My Dad’s Christmas gifts arrived two days after the holiday. He had obviously recycled the manila envelope they came in. My address was written on a yellow Post-it note taped over the previous address.
My eighty-four year old father is concerned by the fact I receive my mail at a post office box. He’s never lived in a rural area and every time he sends me something he asks, “So you still have that post office box?” Then he calls back, “What’s the number again?” This time he also wrote the box number along the right hand margin. At the top he wrote FRAGILE in capital letters.
Inside were gifts for my daughters, too. We all received a red envelope with our names on it. Two small packages were wrapped in Christmas paper. There was also an unwrapped whistle and a hand-written note.
The package contains the Christmas money in checks and a little gift (not meant to be funny but probably will be) for you and your two girls. Years ago British bobbies did not carry guns, just a billy club and a whistle for protection. Remember I gave my 3 girls pepper spray some time ago (probably they don’t know what happened to it). It’s a dangerous world we live in. You always need to be alert and prepared.
Merry Christmas Happy New Year ~ Dad
P.S. The checks are inside the Christmas cards.
It was four o’clock when I left the post office. I decided to call while I was still driving through town and had phone service. Whenever he sends a check he worries about its whereabouts and will call a day or two later, and keep calling, until the money arrives safely. He spent his life teaching U.S. History and although during summer vacations he delivered mail, he no longer trusts the U.S. postal service. When my mother was alive she made him deliver the checks in person. This presented a problem when I lived in Florida.
My Dad no longer trusts anyone and with good reason. He is still not back in his condo. It’s been ten months since the fire. The entire affair has been a story of gross negligence, incompetence, insurance stonewalling, and local corruption. Over the past ten months my father has moved three times, lost my mother, and been diagnosed with bladder cancer. I have been in touch with a reporter at a local news station but my father keeps wavering over whether I should or should not blow this story up. Last night when I called he was in rare form.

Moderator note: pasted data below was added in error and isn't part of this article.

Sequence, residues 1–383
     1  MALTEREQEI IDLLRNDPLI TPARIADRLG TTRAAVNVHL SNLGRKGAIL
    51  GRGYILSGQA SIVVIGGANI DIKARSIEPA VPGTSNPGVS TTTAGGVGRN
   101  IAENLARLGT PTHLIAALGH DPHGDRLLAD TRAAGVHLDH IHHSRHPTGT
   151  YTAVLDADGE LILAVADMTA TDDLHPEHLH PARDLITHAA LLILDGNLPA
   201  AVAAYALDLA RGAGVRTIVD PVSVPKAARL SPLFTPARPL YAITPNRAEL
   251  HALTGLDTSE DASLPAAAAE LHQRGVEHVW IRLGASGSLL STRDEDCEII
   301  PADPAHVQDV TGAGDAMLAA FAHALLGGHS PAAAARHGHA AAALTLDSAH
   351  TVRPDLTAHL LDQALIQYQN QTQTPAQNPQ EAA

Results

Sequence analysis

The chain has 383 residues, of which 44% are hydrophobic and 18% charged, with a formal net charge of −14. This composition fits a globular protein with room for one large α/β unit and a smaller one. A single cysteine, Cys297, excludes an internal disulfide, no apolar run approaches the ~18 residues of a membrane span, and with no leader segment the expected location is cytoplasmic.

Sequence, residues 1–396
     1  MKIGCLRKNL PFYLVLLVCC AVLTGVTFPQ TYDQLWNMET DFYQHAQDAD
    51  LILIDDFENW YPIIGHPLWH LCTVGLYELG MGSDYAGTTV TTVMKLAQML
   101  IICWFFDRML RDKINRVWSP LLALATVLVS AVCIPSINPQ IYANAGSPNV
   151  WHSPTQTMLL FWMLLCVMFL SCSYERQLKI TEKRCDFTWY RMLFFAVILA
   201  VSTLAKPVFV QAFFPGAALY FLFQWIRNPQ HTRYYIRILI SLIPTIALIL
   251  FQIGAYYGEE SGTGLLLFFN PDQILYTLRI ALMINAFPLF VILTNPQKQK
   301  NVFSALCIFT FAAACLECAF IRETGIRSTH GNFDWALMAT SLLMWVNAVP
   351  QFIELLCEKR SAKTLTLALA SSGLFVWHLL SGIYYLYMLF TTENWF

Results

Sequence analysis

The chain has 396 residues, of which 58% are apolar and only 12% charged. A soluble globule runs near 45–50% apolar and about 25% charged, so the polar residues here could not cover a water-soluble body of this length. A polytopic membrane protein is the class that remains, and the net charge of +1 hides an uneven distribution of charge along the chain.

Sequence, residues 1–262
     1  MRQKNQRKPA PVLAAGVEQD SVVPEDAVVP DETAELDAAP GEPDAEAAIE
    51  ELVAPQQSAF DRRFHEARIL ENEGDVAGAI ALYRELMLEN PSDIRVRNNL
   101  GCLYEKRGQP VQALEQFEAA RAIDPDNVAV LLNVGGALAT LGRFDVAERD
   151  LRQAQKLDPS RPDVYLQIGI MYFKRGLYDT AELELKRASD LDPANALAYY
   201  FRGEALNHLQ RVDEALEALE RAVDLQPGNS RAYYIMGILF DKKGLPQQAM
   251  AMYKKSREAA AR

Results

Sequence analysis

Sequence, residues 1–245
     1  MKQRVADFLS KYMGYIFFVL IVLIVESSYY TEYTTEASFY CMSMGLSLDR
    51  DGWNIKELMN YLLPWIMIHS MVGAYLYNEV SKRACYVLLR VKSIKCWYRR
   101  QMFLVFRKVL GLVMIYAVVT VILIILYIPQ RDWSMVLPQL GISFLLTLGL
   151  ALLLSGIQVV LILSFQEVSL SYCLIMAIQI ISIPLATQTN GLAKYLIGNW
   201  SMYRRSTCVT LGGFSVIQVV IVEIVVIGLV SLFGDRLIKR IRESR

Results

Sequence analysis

He started with an update on the status of the condo’s renovation. A fire inspector had come by and claimed the firewall had been installed improperly so the new sheetrock had to be torn down. Months ago my Dad had received a promised move-in date of January 10th. It looks like that isn’t going to happen.
“I told you I’d go to the news reporter again,” I said.
“Aaagh. I know, and we should, but I told Father Gagnon this is killing me and I’ll soon be joining your mother. I’m too old for this battle.”
“I told you I would handle it, Dad.”
He wasn’t listening. Instead, he was off and running. He moved on to politics. He’s a difficult man; impulsive, opinionated, critical. He is also the man who taught me about democracy and the constitution. If you want to know where a lot of my political opinions come from you need look no further than my Dad.
He started with Trump and went on from there. Not wanting to lose the connection, I pulled into the Valley Market where skiers with New York, New Jersey, and Connecticut license plates filled the parking lot. The sun had set, the night was dark. I sat and listened.
They’re killing the New Deal, you know. That Ryan wants to take away Medicare. They killed the unions years ago. It’s all about the rich. That Trump is an arrogant idiot. The Republicans stole that last Supreme Court justice, you know. And those Catholic judges. It’s all about abortion with them. It’s none of their business. That’s between a woman, her doctor, and God. And these cabinet appointments!